I think The Martian is a really good book. The one that got made into a movie with Matt Damon — that’s a good book-to-movie adaptation, which is a selling point. Even though I am not a scientist and I don’t really understand science, I think that’s what makes it so interesting, is that the story is based on the hypothetical but very possible ways that we could use science. I think when people get freaked out by sci-fi, they worry it’s too unrealistic or too weird, but The Martian is a story about what could happen in the next 20 years.
Were you a big reader growing up?
Yes, much more than I am now! I was always a big Harry Potter person. And my grandmother gave me this book — I can’t remember what it’s called, but it had like a thousand funny poems. I loved it so much. It was just so accessible; you could just open it to any page and it would have a hilarious poem or lyric. I remember having it with me all the time and carrying it places, or when guests came over I would be like, “Let me read you something from this book.”
What poets do you love now?
My favourite poetry book is Salt by Nayyirah Waheed. I think that was the first book of poetry I read as an adult that wasn’t a school text or something. And it was written by a woman of colour, and really showed me that you can use poetry to talk about whatever you want. Poetry is often considered to be romantic, or about nature or something. But I think that was the first time I encountered poetry that was about oppression and trauma and all of the hard stuff.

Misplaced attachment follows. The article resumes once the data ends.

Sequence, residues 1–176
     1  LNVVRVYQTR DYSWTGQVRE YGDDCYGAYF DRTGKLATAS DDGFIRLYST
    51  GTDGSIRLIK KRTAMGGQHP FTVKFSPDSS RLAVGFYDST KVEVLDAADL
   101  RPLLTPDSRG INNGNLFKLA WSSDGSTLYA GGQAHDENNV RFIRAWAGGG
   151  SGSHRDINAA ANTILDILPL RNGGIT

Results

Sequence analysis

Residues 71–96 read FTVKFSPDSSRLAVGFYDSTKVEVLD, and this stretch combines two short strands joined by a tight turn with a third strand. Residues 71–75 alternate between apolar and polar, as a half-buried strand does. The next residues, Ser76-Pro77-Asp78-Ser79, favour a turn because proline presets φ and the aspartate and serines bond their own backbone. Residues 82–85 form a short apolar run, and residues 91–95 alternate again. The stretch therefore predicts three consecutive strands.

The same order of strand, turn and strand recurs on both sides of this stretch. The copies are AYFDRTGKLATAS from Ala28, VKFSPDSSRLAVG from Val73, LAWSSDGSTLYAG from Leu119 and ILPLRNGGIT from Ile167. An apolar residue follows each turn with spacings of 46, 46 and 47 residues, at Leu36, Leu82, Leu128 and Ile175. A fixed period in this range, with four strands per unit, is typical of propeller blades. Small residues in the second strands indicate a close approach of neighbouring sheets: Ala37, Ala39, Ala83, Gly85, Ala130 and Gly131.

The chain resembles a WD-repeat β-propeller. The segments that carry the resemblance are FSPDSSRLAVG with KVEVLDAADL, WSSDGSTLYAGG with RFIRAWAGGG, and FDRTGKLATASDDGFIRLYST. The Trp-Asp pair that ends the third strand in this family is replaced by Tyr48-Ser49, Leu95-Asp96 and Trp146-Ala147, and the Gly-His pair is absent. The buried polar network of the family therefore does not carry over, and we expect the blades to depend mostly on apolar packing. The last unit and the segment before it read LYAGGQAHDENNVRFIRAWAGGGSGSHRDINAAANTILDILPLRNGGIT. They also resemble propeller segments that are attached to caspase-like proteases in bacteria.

Reading that invited me into this whole new way of expressing the things that I like to talk about anyway. It opened my eyes to show that you can write about these things in an artistic way or a non-traditional way and it can still have the same weight, if not even more power to it.
Was that a big influence on your book of poetry?
Yeah. I always saw the work that I do in consulting and training as not necessarily being as evocative or emotional. That’s what I felt was missing from my work — like I’m trying to educate people about racism and oppression and anti-Blackness, but because it’s being done in a corporate-training way, it’s not evoking the same emotion that I want people to feel. It’s not drawing out as much empathy as I want people to have. And I felt like poetry could do that, in the way that I felt reading Nayyirah Waheed or Rupi Kaur or Vivek Shraya.
Did writing Burning Sugar change the way you do the more corporate work?
Yes, but only sort of coincidentally, because the book came out last year when, you know — we’re in a pandemic, and also there was much attention to Black Lives Matter and just an explosion of conversation about anti-Blackness. I felt more validated in my experiences and more seen, and whereas previously, especially in corporate environments, I had felt I was seen as too radical or too political. So I was kind of like toning myself down to some extent. But now, not to say that everything’s drastically changed, but at least now conversations about racism that weren’t happening before are happening on larger scales and on mainstream media. It allows me to be more vulnerable, to be more expressive, and relate my personal stories to my work a lot more.